This article on the Carrowmenagh Evictions is taken from John McLaughlin’s Book “Carrowmenagh – History of a Donegal Village and Townland”. It describes the Evictions in Carrowmenagh in 1881
The townland of Carrowmenagh and Drumaville were under the landlord Hector Frederick McNeill in 1881. In the eighteenth century, Fredrick John Hamilton was landlord. It is believed that he got this land, because he may have been a soldier in the Williamite Army. The grant of this land is dated 10th May 1710. At some point the townland was transferred to Dan McNeill but it is not clear when this was done. He transferred his land to Malcolm, his next of kin, before the Famine as he was landlord during the years of 1845 – 1849. Hector Fredrick McNeill was the landlord in 1868 and according to the records his rent for the townland was £50 – 6 shillings – 3 pence and his address in 1890 was 22 St Bernard’s Crescent Edinburgh and he also had connections in Ballycastle, Co. Antrim. A lot of landlords were well-known tyrants but not all of them.
In 1879 Michael Davitt and Charles Stewart Parnell set up the Land League. There was a lot of unrest in the country with absentee landlords increasing their “Rack Rent” on the poor tenants who were struggling to pay it and rear big families. They found it impossible to live. There were meeting all over Inishowen concerning these difficult problems and one meeting took place in a field below Carrowmenagh village, now know as the sports field: and it was from this gathering that the tenants decided that they had enough and would not pay the increase in the “Rack Rent”. Notice to quit was served on the tenants who were withholding their rent. After some time Hector F McNeill instructed his Agent James G H Harvey of Derry to proceed with the evictions. A large body of Royal Irish Constabulary and Army under Captain McCleod arrived on 28th December 1881 with their crowbars and tripods to break down the doors and windows of these thatched houses. Thirteen tenants were evicted that December day and according to eyewitnesses it was a bitterly cold day with the wind blowing from the East. The evicted tenants were to live with good friends and neighbours in surrounding townlands such as Carrowbeg, Ballymagarahy and Ballycharry. Some of the evicted tenants who hadn’t any place to go put on a fire and stayed behind a hedger or stone ditch until they got a house. A few people who didn’t own any land i.e. cottiers, were allowed to stay put. One of these was John McDermott, known locally as “Corncrake,” as he had a very croaky voice. A meeting took place in his house about evictions.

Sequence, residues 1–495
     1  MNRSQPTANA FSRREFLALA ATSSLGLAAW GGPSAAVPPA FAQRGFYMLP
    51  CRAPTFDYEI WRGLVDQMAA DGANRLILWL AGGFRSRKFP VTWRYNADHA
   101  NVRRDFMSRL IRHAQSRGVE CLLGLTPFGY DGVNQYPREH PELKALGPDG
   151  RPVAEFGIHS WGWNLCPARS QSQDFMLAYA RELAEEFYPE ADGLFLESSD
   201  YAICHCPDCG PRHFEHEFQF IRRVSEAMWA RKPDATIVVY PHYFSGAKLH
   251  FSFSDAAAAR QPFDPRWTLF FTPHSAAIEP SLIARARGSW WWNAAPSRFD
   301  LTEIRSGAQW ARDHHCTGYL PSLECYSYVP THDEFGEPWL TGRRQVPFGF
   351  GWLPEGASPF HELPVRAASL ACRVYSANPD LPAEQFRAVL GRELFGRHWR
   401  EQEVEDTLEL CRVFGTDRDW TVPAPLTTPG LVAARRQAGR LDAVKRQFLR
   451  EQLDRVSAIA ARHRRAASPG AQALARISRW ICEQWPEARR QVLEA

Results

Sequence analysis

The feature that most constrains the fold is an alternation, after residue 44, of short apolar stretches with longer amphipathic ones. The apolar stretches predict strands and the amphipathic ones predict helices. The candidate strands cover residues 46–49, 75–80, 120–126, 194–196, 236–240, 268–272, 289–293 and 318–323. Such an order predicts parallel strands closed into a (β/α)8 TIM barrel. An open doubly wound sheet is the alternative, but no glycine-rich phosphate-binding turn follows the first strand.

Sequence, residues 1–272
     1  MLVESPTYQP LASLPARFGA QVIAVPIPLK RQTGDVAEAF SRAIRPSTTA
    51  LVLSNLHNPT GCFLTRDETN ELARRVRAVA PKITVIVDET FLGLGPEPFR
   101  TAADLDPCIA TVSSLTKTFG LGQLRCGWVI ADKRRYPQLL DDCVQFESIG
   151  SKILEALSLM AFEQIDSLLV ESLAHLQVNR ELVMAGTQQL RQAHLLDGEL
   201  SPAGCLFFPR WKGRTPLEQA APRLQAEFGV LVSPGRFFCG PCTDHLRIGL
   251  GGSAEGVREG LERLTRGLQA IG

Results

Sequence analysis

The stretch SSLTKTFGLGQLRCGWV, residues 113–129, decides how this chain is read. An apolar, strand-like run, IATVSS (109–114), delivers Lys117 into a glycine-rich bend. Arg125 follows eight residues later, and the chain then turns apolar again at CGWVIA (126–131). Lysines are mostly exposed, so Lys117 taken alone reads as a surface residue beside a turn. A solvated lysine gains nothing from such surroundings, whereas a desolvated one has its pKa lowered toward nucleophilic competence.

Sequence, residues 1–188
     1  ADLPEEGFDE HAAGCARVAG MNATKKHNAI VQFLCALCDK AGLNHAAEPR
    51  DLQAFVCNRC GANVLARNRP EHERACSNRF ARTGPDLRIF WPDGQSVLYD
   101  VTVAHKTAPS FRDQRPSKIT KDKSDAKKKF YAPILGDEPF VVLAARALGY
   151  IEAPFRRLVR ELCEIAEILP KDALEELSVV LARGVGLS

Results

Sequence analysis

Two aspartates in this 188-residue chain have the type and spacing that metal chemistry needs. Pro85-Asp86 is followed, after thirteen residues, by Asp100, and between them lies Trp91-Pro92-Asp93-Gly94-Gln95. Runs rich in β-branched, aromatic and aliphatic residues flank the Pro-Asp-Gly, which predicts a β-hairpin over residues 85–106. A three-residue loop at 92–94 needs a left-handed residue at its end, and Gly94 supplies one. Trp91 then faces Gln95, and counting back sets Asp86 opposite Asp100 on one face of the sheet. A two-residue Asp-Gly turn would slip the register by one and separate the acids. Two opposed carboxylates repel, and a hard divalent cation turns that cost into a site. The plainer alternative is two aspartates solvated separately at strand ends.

Fr Michael Farnan, Parish Priest of Moville, witnessed some of the Carrowmenagh evictions and in his letter to the Derry Journal 2nd January 1882 he gives a horrifying description of the scenes on Carrowmenagh street, with women and children crying. He tells of the offers he made to the Agents of 18 shillings in the pound and how they were rejected and about the people and children being all pulled to the streets and how the evictions went on for three days.
Every effort was done by the priest to effect an amiable settlement before the dire work of the Carrowmenagh evictions began, but to no purpose, the agents reiterating he would have no terms, but rent without reduction, not even a penny, and all costs. Money was offered by the priest but all was in vain. The order was given, the furniture was roughly torn out, and broken on the street. The poor helpless children, barefooted, and all but barebacked and hungry depicted on their faces, had to leave the old house. The crowbar brigade were ordered to unroof the house.
List of Tenants evicted in December 1881
John McDermott (Kildra)
John McLaughlin (Corr)
Item associated to the Carrowmenagh Evictions submitted by Dan McFeely from the USA
‘I wanted to offer a picture for your web site of Hannah McFeely, born in Carrowmenagh, Inishowen in county Donegal, February 4th 1869, who emigrated to the city of Harrison, New Jersey, in the USA, some time after the Carrowmenagh evictions of 1881.
We don’t know when this picture was taken, probably in Harrison, New Jersey some time during the early 1900’s.
Hannah was the sister of my great grandfather Michael McFeely, who emigrated to the USA in 1885. Michael was also born in Carrowmenagh, some time in 1865 or 1866.’